Socialist Alternative welcomes the news that former Labour leader Jeremy Corbyn may be considering establishing a new left party, on behalf of which he would stand at the next general election as Labour will stand against him.
There is no shortage of support for left-wing ideas. Up to half a million people joined the Labour party under his leadership, around half of which have left since Starmer took his place. Labour gained 2 million votes in 2017 and would have won the election if the campaign had continued longer, or started sooner.
Socialist Alternative believes that founding a new party should have been done already. Some people fear ‘splitting the anti-Tory vote’, but while a new party should definitely be about defending Corbyn’s seat and could be an important starting point for developing an electoral alternative to the mainstream capitalist parties, it should not be only, or even primarily, about standing candidates. It should be a means to organise, discuss, mobilise, and bring together the hundreds of thousands who see themselves as socialists with the numerous recent movements against the effects of capitalism on working-class and young people.
The next general election is scheduled for May 2024 but could come sooner if the Tories implode. No time can be lost in preparing to defend Corbyn’s seat, which means no time should be wasted in founding the political vehicle to do that. ‘Peace and Justice Party’ isn’t the best name, but the name isn’t the most important thing. What matters is what kind of party it is, and on this there has to be a total break with the worst aspects of Labour old and new. A genuine socialist party is a vehicle for mass struggle.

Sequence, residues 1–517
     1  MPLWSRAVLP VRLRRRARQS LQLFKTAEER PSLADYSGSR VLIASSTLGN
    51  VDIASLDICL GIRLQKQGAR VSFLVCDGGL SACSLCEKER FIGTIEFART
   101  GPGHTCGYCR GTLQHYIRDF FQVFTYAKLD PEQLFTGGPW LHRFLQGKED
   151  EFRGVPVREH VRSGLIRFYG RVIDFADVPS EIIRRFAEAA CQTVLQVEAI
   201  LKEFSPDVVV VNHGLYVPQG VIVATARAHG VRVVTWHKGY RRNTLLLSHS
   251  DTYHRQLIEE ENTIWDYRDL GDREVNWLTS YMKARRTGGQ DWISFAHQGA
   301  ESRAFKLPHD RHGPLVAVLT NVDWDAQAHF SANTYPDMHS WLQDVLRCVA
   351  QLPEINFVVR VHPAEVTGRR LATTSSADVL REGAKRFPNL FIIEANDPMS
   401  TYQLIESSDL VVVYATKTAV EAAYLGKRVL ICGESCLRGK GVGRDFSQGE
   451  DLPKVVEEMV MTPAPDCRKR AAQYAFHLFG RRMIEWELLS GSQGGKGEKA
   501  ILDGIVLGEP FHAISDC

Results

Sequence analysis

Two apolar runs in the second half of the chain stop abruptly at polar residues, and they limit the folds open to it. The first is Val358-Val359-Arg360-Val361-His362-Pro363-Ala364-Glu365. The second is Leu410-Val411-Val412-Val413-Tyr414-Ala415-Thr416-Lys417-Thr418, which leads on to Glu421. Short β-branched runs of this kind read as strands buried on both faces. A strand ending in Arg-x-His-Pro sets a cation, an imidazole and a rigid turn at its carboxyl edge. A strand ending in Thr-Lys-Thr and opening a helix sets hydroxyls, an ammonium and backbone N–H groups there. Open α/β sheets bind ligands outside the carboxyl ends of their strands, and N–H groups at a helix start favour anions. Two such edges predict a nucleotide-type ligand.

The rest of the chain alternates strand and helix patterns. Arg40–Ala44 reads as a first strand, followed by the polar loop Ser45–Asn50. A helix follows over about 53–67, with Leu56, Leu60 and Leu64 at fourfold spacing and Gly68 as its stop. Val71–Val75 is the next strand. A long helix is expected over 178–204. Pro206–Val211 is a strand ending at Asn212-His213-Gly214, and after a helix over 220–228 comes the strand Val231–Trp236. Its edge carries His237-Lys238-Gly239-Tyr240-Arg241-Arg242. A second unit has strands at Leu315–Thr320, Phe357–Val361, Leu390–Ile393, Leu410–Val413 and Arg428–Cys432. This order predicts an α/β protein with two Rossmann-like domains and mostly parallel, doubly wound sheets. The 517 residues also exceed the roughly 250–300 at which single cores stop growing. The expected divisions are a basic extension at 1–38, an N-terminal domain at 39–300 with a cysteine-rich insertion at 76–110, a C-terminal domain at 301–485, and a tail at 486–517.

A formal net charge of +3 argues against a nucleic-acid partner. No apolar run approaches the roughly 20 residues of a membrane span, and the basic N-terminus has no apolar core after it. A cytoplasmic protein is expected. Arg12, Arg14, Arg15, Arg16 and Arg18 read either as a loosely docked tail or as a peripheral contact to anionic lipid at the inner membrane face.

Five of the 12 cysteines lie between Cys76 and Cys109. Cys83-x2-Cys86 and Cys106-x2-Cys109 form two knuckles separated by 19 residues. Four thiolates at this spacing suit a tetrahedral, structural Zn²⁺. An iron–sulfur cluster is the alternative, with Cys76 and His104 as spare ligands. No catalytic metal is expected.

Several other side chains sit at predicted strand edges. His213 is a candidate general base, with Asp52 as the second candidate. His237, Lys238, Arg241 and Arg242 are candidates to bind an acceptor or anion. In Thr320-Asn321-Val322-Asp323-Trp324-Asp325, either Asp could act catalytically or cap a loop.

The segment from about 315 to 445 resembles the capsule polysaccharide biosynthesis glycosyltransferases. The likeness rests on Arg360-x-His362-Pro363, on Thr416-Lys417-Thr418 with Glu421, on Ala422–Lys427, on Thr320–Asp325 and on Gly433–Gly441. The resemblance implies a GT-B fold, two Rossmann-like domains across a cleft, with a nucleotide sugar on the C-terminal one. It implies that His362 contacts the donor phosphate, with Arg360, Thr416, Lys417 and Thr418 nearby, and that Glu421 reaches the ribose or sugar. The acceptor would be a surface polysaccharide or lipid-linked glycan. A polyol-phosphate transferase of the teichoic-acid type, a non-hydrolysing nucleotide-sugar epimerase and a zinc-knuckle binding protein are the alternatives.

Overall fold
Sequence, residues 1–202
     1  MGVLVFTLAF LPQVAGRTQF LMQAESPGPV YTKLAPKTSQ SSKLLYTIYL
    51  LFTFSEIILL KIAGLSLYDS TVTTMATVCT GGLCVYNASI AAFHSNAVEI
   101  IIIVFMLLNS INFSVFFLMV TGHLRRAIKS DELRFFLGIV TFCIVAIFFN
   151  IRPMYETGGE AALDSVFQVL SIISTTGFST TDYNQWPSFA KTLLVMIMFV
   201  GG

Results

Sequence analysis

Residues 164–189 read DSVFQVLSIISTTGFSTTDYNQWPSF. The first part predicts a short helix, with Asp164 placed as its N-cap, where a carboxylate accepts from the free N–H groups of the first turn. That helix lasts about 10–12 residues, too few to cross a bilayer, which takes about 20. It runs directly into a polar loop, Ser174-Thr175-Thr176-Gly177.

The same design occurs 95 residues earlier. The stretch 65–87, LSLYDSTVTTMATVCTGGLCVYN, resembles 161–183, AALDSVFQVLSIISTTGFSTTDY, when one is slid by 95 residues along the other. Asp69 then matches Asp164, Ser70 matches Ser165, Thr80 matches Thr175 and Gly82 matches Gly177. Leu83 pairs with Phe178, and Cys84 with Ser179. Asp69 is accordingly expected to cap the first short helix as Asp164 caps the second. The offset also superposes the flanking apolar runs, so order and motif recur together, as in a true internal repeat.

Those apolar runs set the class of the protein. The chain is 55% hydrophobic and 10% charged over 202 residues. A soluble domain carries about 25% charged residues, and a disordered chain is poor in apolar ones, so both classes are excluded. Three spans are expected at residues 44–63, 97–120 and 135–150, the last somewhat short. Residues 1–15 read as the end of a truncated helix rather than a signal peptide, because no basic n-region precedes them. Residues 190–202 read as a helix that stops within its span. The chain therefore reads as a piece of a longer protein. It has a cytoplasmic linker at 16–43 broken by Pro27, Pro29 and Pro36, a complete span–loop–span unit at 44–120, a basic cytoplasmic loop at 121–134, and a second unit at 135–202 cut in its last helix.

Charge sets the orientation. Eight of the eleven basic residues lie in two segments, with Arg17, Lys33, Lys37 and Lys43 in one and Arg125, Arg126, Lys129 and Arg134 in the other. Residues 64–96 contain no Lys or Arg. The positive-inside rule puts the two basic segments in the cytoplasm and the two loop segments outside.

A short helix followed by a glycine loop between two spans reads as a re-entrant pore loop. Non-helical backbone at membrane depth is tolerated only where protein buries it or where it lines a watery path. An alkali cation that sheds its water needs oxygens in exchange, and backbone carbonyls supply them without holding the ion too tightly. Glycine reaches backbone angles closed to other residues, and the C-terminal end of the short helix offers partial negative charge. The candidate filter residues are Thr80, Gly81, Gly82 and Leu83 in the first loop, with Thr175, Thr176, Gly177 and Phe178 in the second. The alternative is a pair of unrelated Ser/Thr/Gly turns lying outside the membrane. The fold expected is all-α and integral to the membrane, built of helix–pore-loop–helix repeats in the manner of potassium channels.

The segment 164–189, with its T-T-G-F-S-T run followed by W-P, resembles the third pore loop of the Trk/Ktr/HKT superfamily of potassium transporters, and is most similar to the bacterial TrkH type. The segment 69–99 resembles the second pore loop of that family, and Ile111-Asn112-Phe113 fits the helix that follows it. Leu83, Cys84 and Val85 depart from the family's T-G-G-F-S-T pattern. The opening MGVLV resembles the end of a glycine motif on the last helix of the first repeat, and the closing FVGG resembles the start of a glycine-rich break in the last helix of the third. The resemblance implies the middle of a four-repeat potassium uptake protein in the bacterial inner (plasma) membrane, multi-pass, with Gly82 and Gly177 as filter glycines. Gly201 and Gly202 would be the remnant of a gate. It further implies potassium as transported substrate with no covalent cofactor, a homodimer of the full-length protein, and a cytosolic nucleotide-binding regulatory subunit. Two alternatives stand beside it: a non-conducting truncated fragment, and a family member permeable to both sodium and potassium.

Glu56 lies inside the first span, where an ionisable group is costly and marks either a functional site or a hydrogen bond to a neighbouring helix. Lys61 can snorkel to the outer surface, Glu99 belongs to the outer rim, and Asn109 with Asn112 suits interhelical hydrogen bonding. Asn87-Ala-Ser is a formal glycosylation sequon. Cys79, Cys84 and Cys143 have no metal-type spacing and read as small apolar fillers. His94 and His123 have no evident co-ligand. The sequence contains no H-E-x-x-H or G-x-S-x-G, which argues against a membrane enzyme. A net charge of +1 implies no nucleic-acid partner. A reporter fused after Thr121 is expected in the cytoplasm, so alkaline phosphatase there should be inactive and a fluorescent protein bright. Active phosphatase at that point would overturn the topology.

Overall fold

That means it has to be open and democratic, based on mass meetings, elected organisers and leaders, a democratic voice for trade unions, and clear socialist principles. What’s more, such an organisation would need tobe present on every demonstration and picket line, active in every struggle of working-class, young and oppressed people. Obviously Corbyn would be the natural choice for leader, but there can be no repeat of the Momentum experience, which was an organisation set up as a limited company run by a secretive and largely self-appointed clique.
Clear policies are needed. After the 2017 general election we had the fog of Brexit. Then we have had the pandemic and the attempts by the right-wing to whip up fear and reactionary attitudes. We have also had the huge resurgence of the climate movement, massive protests against gender-based violence, and a new resurgence in strikes. Reacting to multiple crises, the Tories have had to massively increase state spending wholly in the interests of big business.
Socialist policies needed
A new alternative can cut through the confusion and appeal to young and working-class people. Clear policies are needed, such as a £15 minimum wage, secure tenancies and affordable rents, secure contracts at work, an end to misogyny and racism, rebuilding the NHS with funds and a reversal of all cut-backs and sell-offs, rebuilding social care by taking it into public ownership and increasing funding and wages for workers, full public ownership of all privatised services starting with the energy sector, and a socialist Green New Deal to safeguard the climate.
Defend Corbyn’s seat